Ethical conflict of interest for China as a member of the World Trade Organization (WTO)

Ethical conflict of interest for China as a member of the World Trade Organization (WTO)

On December 11, 2001, China officially became a member of the World Trade Organization (WTO).  As a member, under the terms of an intellectual-property rights agreement reached in February 1995.  China was to crack down on pirates who counterfeited.  The Chinese themselves joke that in China, “everything is fake but your mother.”  Although China made progress in eliminating retailers of the pirated goods, before 2001 it did little to stem the production from the factories of the counterfeiters.

The counterfeiters were not fly-by-night operations run by individuals hiding in dimly lit buildings as one might suspect.  Rather, the majority of factories were run or backed by provincial governments, the People’s Liberation Army, or the Public Security Bureau.  In other words, the counterfeiters were government sponsored and financed. The government entities in turn received the benefits from the “cash cow.”

China has passed laws to make counterfeiting illegal, but admits there is a problem. Li Mingde of the intellectual Property Center at the Chinese Academy of Social Science says, “There is a very alarming phenomenon that, although the legislation is always being improved . . . {intellectual property right] infringement still runs rampant in the country.”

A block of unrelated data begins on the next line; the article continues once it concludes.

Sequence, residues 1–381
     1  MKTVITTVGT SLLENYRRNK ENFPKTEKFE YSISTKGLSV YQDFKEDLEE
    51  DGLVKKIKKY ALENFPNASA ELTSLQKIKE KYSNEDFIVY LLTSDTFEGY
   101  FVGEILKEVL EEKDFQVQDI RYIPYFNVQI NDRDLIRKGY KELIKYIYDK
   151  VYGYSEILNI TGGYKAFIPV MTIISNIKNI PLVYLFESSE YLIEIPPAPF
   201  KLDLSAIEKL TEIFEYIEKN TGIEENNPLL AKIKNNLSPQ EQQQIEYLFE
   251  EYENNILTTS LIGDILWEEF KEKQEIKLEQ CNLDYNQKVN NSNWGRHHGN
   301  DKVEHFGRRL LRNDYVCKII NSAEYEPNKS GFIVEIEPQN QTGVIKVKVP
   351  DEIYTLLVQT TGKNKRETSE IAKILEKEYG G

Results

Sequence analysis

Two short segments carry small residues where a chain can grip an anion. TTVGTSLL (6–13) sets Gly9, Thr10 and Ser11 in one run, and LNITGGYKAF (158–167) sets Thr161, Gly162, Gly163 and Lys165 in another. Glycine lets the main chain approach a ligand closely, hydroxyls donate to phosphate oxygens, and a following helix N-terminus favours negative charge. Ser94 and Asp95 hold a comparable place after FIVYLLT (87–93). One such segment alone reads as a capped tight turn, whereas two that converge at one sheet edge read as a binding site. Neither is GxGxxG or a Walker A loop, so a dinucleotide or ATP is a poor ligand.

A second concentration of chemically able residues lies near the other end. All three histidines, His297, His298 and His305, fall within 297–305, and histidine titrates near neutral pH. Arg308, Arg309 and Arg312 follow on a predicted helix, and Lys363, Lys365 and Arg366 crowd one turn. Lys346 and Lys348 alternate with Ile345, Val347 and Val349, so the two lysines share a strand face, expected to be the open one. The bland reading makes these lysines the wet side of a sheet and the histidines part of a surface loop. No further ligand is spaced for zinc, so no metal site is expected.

Punishing China for violating copyright and trademark agreements would especially help the U.S. entertainment industry.  For example, a DVD copy of a Beautiful Mind or Fellowship of th Ring sell for $1.20 outside Chinese banks, coffee shops, and department stores.  Yet, U.S. companies who have invested billions in China don’t want to fall out of favor with the Chinese Ministry of Foreign Trade and Economic Cooperation.  It is believed that these companies would suffer immense losses if the United States retaliated against China.

Consider all of this as you respond to the following questions.

What role does personal benefit of individuals, companies, and governments play in this situation?

  • What ethical conflict of interest exists between the Chinese government’s role as a treaty signee/enforcer and its role as a financial beneficiary of the counterfeiting? Justify your reasoning.
  • What ethical conflict of interest might exist between the government officials’ political treaty signee/enforcer? Justify your reasoning.